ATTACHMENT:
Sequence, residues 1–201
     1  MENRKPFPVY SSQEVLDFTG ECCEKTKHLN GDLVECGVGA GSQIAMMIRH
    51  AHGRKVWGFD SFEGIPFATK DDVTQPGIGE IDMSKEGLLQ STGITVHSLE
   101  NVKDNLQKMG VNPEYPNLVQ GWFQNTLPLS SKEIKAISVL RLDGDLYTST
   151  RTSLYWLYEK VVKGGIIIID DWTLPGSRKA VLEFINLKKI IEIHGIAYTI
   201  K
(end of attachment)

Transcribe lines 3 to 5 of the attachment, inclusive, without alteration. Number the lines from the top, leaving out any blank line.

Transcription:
    51  AHGRKVWGFD SFEGIPFATK DDVTQPGIGE IDMSKEGLLQ STGITVHSLE
   101  NVKDNLQKMG VNPEYPNLVQ GWFQNTLPLS SKEIKAISVL RLDGDLYTST
   151  RTSLYWLYEK VVKGGIIIID DWTLPGSRKA VLEFINLKKI IEIHGIAYTI